by Dave Wakeman
In recent months, I’ve been talking about how to become a more strategic project manager on this blog (see here, here and here). I thought it would be a good idea to circle back and talk about how being an effective communicator will help you be more strategic.
Here are three tips to remember:
1. Communications is at the base of performance.
Never lose sight of the fact that as a project manager, you are basically a paid communicator. And, as a communicator, you have certain responsibilities: being clear, keeping your message concise and making sure you are understood.
If you aren’t meeting these requirements, you are likely going to struggle to achieve success in your projects. In addition, poor communicating may mean you miss the message about why this project is important to the organization. You also may miss information from the team on the ground that would shape the organization’s deliberations about the project.
So always focus on making sure that your communications up and down the organization are clear, concise and understood.
2. A free flow of communications delivers new ideas.
Managing a lot of communications and information is challenging—I get that. But by the same token, if you aren’t exposing yourself to information from many different sources (both inside and outside the organization), you’re likely missing out on ideas that can transform your opinions and open you up to new ways of looking at things.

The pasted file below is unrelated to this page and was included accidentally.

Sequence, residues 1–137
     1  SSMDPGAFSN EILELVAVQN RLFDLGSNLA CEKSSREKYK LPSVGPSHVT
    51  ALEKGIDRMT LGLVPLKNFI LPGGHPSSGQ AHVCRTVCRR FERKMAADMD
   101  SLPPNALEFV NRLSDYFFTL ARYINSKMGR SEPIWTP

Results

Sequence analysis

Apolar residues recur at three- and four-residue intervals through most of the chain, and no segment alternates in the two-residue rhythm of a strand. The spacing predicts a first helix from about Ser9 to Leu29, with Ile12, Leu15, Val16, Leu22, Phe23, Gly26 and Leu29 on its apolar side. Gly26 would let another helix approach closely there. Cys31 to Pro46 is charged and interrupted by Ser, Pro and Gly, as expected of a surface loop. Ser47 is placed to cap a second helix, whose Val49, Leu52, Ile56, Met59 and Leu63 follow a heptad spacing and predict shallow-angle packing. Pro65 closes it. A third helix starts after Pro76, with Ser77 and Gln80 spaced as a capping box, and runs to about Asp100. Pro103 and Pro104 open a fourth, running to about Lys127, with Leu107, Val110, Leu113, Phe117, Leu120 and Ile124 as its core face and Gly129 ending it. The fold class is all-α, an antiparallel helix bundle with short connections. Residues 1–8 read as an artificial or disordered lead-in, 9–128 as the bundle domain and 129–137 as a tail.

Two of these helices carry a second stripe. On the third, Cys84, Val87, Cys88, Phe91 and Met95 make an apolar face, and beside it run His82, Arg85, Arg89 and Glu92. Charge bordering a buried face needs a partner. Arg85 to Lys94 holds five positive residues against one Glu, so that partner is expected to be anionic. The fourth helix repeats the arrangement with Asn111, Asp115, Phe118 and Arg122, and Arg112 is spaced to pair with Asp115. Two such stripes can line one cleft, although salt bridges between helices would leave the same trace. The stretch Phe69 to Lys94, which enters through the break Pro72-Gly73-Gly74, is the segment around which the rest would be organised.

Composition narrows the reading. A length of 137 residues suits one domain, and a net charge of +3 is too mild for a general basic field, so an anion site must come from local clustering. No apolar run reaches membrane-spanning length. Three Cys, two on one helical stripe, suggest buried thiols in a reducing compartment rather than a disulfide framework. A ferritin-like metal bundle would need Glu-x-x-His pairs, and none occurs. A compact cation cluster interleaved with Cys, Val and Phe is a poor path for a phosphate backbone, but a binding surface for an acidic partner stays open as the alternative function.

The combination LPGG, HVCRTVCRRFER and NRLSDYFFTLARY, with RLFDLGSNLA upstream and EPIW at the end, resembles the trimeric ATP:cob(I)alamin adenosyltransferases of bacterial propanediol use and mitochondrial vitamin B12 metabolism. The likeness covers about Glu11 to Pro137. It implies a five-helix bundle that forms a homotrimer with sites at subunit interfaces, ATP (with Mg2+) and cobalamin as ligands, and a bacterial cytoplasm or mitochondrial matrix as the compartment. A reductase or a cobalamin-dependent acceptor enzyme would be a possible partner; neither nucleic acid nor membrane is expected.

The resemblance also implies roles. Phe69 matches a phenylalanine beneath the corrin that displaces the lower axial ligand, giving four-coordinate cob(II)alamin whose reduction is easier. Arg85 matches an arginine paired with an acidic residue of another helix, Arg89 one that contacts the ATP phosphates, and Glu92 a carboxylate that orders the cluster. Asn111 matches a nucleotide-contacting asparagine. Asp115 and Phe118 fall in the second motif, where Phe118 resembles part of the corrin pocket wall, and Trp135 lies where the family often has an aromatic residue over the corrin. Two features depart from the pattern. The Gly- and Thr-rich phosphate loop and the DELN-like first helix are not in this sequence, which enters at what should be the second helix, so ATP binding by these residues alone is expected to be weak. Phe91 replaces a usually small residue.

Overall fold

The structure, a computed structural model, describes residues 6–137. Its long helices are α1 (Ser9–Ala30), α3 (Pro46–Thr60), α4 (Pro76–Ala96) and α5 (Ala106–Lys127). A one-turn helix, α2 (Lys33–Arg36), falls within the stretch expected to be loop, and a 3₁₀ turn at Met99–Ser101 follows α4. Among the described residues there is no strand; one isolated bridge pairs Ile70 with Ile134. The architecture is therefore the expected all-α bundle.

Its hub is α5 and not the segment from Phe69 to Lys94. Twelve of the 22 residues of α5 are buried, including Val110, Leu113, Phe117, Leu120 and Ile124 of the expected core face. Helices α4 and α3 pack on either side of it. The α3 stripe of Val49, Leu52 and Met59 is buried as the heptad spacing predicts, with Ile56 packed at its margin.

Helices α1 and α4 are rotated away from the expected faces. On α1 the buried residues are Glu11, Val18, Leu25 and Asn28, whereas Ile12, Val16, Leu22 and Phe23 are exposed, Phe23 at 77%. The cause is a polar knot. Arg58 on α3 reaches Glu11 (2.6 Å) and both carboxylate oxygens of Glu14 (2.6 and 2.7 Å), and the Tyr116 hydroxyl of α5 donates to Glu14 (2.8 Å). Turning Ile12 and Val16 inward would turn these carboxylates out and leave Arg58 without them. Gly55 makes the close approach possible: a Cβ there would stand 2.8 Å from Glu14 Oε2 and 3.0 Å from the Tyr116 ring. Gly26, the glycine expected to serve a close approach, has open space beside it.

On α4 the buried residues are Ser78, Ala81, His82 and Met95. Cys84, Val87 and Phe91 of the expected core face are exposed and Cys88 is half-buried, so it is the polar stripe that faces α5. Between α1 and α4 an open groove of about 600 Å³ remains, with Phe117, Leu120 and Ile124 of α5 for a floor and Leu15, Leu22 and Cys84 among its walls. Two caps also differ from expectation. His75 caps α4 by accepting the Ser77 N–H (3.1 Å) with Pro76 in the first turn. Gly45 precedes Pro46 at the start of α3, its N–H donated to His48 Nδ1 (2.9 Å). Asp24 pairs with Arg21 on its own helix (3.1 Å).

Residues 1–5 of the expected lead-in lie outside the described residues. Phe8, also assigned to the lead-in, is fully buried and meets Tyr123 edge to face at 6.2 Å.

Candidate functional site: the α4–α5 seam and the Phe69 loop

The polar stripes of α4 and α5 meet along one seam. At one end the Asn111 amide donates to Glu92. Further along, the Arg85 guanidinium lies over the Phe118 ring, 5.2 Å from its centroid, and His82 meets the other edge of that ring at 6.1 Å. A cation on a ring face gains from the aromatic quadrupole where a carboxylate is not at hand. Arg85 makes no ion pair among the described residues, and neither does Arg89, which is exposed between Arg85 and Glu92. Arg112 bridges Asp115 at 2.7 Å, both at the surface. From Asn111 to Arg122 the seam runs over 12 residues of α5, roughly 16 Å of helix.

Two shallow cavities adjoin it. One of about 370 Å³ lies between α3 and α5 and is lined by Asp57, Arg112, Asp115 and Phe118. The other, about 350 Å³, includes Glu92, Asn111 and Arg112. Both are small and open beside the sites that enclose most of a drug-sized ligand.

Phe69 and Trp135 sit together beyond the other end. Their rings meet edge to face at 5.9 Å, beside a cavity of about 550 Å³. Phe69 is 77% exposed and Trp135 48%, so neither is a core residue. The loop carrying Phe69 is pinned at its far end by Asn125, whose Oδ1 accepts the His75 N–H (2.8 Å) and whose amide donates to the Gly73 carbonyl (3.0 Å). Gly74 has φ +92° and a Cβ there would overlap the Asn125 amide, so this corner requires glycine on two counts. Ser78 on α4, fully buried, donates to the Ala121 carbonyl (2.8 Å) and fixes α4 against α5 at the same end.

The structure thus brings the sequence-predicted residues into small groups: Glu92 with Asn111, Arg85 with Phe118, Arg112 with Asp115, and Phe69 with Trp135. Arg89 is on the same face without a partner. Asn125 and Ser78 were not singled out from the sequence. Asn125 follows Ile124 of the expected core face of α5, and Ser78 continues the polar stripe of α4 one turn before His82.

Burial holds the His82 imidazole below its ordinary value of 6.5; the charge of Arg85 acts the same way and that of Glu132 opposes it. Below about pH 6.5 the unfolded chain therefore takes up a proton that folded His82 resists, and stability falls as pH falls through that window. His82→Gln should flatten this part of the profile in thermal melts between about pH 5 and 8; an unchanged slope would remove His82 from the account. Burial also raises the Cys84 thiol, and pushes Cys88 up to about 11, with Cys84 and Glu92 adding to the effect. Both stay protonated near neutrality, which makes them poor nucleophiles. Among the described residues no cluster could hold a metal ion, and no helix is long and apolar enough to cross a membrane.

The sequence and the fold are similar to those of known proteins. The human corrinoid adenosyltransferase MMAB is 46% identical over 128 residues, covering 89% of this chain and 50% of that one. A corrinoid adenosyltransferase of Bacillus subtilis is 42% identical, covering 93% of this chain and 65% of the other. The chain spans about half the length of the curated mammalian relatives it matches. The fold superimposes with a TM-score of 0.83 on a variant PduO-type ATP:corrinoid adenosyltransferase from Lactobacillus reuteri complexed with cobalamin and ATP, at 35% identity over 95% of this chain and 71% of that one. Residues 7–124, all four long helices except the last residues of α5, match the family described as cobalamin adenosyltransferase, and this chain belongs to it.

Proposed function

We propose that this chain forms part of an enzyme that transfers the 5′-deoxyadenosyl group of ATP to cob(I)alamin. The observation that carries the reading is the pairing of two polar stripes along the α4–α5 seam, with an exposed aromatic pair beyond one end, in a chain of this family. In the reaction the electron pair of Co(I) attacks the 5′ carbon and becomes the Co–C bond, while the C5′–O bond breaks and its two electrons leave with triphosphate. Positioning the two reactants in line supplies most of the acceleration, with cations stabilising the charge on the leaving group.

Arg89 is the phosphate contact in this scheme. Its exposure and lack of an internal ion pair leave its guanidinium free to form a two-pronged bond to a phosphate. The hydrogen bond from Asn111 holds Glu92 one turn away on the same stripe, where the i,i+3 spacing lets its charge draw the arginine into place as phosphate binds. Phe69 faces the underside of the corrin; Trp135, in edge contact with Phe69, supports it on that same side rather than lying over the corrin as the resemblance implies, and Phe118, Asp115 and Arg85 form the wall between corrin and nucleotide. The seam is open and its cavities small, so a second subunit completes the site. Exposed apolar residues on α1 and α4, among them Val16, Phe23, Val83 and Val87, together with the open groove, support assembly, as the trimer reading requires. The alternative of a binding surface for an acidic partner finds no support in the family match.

While being a strong project manager is about having a good, solid framework for decision-making, you aren’t going to have all the technical expertise yourself. In addition, your team may be only focused on the one area that they are in charge of. So it’s important that someone is open to the flow of ideas that can come from any direction and that may have the power to reshape your project in unimaginable ways.
You can achieve this by making sure you have conversations up and down the organization and pay attention to things outside of your scope of work. You never know where a good idea is going to come from.